LCR will find the cheapest option, even if that means directing your call through a twisting, multiple network path. When your call goes through these routes, it takes only seconds, so you do not notice a delay. Behind the scenes, though, your call has been around the block a few times.

How are Dialing Regions Classified?

The process is easier to follow when you understand US dialing regions. Authorities have created four main geographic terms to classify domestic US calls. These terms are determined by the LATA, or local access and transport area.

Local exchange service operation companies created these terms to conveniently combine certain markets. These markets can include several counties and area codes in large metropolitan areas. Or, they can make up an entire state, especially if it is small or has a widely dispersed population. Dialing regions may have surprising boundaries.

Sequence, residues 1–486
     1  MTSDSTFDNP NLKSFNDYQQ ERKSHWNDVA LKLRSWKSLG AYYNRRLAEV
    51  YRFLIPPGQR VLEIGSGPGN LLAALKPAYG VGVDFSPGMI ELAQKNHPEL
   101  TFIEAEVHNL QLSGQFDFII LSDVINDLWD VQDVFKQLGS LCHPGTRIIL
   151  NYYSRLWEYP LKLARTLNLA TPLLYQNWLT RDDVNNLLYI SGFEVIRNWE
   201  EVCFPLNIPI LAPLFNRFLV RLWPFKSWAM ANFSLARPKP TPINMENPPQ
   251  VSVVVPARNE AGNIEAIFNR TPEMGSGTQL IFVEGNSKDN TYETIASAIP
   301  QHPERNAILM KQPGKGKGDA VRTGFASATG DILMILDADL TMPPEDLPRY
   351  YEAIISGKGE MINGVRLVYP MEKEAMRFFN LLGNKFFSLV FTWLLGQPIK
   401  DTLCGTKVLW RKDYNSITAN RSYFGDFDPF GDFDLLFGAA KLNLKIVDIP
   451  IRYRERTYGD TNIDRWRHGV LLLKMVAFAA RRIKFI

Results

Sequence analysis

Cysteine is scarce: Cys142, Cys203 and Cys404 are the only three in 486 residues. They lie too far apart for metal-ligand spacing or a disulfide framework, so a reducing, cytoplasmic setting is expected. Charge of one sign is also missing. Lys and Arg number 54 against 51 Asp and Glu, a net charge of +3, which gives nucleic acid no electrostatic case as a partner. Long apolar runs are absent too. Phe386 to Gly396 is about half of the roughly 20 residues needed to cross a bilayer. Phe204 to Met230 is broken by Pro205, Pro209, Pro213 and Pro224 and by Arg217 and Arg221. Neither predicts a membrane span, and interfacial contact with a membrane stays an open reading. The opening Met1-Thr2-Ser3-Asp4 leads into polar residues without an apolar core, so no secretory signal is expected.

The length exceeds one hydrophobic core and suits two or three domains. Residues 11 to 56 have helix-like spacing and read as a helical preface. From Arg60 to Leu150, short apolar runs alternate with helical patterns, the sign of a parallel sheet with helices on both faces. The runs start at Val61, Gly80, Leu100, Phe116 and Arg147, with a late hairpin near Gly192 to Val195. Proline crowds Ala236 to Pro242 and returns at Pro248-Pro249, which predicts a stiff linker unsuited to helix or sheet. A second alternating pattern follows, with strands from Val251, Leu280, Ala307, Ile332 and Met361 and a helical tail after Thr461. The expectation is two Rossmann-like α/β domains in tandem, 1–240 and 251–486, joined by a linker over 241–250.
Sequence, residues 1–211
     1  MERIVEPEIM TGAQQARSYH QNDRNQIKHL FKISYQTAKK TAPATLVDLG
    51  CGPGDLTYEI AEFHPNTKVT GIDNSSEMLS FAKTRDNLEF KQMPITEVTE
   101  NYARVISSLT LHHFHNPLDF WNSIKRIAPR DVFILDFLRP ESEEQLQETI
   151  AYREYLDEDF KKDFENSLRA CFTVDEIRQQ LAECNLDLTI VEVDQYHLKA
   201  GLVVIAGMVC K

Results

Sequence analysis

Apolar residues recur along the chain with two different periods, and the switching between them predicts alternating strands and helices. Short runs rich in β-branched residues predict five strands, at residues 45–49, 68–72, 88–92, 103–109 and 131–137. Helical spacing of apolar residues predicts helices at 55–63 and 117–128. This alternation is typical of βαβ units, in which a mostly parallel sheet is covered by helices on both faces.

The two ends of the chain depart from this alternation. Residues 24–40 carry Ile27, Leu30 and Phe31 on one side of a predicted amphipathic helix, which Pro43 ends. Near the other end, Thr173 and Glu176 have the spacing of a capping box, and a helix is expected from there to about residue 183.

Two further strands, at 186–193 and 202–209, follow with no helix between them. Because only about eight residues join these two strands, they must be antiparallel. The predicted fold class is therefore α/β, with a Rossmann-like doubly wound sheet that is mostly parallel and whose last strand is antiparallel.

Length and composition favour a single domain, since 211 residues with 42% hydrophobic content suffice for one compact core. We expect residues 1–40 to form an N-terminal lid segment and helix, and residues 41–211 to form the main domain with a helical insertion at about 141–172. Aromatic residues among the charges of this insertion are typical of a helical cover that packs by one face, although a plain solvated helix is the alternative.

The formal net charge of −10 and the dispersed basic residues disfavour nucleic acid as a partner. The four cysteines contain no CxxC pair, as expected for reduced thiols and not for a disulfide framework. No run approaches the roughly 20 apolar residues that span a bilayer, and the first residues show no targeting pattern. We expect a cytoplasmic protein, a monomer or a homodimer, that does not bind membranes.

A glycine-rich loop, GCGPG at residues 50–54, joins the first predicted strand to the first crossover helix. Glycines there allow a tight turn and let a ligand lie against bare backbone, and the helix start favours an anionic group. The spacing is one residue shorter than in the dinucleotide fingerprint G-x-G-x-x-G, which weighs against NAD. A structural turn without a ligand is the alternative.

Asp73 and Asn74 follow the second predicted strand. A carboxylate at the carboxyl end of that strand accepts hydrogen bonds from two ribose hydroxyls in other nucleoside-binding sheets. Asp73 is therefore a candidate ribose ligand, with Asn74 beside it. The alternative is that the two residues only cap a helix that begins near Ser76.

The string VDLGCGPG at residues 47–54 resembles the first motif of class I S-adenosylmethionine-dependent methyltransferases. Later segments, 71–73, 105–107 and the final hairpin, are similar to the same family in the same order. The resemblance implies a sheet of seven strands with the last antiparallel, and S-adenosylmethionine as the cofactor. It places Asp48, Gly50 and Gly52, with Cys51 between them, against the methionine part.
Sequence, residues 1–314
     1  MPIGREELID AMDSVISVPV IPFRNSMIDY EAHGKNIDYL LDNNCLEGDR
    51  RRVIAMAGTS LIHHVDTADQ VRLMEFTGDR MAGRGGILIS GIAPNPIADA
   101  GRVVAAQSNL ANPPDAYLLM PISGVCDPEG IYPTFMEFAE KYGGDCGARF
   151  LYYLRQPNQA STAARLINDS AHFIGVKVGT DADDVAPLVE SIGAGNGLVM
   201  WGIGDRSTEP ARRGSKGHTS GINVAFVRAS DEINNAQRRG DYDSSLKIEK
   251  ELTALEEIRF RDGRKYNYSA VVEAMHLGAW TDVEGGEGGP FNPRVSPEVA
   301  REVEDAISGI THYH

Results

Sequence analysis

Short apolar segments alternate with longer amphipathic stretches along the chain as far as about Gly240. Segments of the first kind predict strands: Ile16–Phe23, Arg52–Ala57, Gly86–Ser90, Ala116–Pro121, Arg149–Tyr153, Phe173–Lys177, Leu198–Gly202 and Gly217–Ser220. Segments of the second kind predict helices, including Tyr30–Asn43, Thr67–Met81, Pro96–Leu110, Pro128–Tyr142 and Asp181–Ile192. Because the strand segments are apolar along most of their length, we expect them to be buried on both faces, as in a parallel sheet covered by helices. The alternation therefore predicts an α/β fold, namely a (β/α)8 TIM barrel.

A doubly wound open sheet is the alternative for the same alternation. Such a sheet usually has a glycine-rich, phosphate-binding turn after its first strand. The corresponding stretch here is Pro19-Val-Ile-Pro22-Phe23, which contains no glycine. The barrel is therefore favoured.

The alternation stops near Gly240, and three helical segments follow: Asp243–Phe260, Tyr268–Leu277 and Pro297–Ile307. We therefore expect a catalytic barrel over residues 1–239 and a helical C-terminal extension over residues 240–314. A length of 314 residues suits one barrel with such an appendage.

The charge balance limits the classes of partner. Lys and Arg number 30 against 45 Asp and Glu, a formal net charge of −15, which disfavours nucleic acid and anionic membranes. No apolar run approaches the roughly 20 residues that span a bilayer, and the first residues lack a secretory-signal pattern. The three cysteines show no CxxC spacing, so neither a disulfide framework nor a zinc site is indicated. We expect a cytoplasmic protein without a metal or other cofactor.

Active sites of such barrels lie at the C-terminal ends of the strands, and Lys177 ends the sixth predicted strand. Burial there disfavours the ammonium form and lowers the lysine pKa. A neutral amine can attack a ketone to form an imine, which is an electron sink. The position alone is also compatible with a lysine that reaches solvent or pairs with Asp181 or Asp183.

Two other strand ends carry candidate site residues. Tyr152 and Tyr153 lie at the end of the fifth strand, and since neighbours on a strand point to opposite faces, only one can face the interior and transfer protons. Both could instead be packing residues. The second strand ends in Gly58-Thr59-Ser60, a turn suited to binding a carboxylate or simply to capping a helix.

• IntraLATA - Dialing within the same LATA is referred to as intraLATA. These are local calls such as you'd usually make to someone across town or to a nearby area.
  • InterLATA - Considered "long-distance," interLATA calls are those between two different LATAs, such as a call between Albany and New York City. These calls are often made in the same state, but they can also include calling a neighboring county.
  • Interstate - An interstate call is dialing to another state, such as a Chicago to LA call. These calls are also classified as interLATA since the call is connected between two separate LATAS.
  • Intrastate - An intrastate call takes place when you dial a location in the same state. Perhaps you live in Dallas and call your mother in Houston. In many instances, dialing in the same state is an intraLATA call, although in others it will be an interLATA.